These include sudden hikes in interest rates on premium savings accounts, changes in business terms and conditions that were made without the consent of the customers and hard-to-understand promises about 'sustainable' investments.

READ ALSO: German banks accused of charging 'illegal' fees to customers

'Differences of opinion'

Speaking to Tagesschau on Thursday, lobbyists in the banking sector defended themselves against accusations that customers were rapidly losing trust in financial institutions. 

A spokesperson for Deutsche Kreditwirtschaft claimed that the uncertainty had much more to do with the fact that banks have faced turbulence recently - but that the sector remained robust and stable in spite of this.


"It is quite normal that in an industry that offers mass services, there are differences of opinion between customers and banks," they added.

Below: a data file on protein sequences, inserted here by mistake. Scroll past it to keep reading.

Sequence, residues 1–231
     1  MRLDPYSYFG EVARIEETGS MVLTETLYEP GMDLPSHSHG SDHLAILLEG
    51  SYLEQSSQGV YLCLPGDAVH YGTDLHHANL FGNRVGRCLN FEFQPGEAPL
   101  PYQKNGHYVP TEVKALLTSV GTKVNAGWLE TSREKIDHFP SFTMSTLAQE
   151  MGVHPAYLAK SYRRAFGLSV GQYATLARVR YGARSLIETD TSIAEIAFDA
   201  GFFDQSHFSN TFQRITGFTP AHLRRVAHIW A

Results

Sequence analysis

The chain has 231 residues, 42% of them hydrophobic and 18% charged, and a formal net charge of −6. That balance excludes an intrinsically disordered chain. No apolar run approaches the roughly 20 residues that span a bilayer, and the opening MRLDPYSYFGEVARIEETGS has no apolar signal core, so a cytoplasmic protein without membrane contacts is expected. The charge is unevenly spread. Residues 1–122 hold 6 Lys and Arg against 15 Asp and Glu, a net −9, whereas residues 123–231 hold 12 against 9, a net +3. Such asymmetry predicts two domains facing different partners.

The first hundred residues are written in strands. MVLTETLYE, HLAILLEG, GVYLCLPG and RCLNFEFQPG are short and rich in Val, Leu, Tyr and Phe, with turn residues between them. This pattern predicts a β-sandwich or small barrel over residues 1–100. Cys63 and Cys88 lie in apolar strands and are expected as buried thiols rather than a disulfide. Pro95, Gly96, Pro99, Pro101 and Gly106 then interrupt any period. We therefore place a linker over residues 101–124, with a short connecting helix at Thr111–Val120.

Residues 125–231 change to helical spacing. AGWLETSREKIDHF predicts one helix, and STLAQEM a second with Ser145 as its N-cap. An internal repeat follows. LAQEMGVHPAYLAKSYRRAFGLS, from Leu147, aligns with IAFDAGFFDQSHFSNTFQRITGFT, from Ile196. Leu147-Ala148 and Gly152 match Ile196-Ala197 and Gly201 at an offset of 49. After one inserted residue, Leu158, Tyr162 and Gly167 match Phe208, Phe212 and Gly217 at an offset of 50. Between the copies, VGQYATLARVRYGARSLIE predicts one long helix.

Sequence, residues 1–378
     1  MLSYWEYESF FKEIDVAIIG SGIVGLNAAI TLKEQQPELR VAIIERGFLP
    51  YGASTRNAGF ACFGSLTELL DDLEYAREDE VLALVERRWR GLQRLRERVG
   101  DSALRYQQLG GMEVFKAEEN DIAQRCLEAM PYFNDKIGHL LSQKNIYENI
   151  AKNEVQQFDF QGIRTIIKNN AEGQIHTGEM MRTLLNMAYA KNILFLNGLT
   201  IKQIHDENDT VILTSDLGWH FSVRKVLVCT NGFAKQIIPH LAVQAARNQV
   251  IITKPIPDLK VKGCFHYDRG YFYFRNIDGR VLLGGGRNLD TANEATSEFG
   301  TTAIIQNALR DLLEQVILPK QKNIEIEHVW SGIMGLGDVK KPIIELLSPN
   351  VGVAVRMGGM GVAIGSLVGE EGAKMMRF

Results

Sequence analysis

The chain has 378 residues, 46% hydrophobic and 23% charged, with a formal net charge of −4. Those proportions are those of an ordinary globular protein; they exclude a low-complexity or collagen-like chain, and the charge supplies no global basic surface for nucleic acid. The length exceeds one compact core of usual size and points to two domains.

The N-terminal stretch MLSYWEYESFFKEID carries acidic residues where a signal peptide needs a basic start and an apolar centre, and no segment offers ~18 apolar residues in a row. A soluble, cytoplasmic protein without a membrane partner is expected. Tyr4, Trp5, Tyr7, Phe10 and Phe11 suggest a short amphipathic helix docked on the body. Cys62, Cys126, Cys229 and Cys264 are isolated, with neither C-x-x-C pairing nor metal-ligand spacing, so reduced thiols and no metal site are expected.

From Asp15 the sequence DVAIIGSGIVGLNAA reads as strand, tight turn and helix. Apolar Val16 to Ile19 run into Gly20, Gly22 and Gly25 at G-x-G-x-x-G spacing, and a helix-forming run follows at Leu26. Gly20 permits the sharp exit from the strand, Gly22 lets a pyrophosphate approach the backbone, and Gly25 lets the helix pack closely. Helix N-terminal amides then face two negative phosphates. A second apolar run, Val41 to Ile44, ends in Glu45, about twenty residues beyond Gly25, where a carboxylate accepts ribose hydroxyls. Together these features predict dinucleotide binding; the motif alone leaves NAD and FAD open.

But customer rights advocates responded sceptically to the claim that banks shared no blame in the recent spate of complaints.

Beyond the uncertain financial outlook, the recent crisis of trust is due to the fact that the industry has repeatedly adjusted the terms and conditions in its favour, Sascha Straub, head of the department for financial issues at the Bavarian Consumer Advice Centre, told Tagesschau.


complaint - (die) Beschwerde 

crisis of trust - (die) Vertrauenskrise 

increase - zunehmen / steigen 

to threaten - bedrohen 

We’re aiming to help our readers improve their German by translating vocabulary from some of our news stories. Did you find this article useful? Let us know.


Comments (1)

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Bhavin Shah 2023/04/08 12:27
Many thanks for this Article. It would also great if you guys could write an Article on which German Bank fares better among so many-in terms of cost of the account, ATMS, English Service, better customer service, etc. This would help the readers as well as new residents a lot.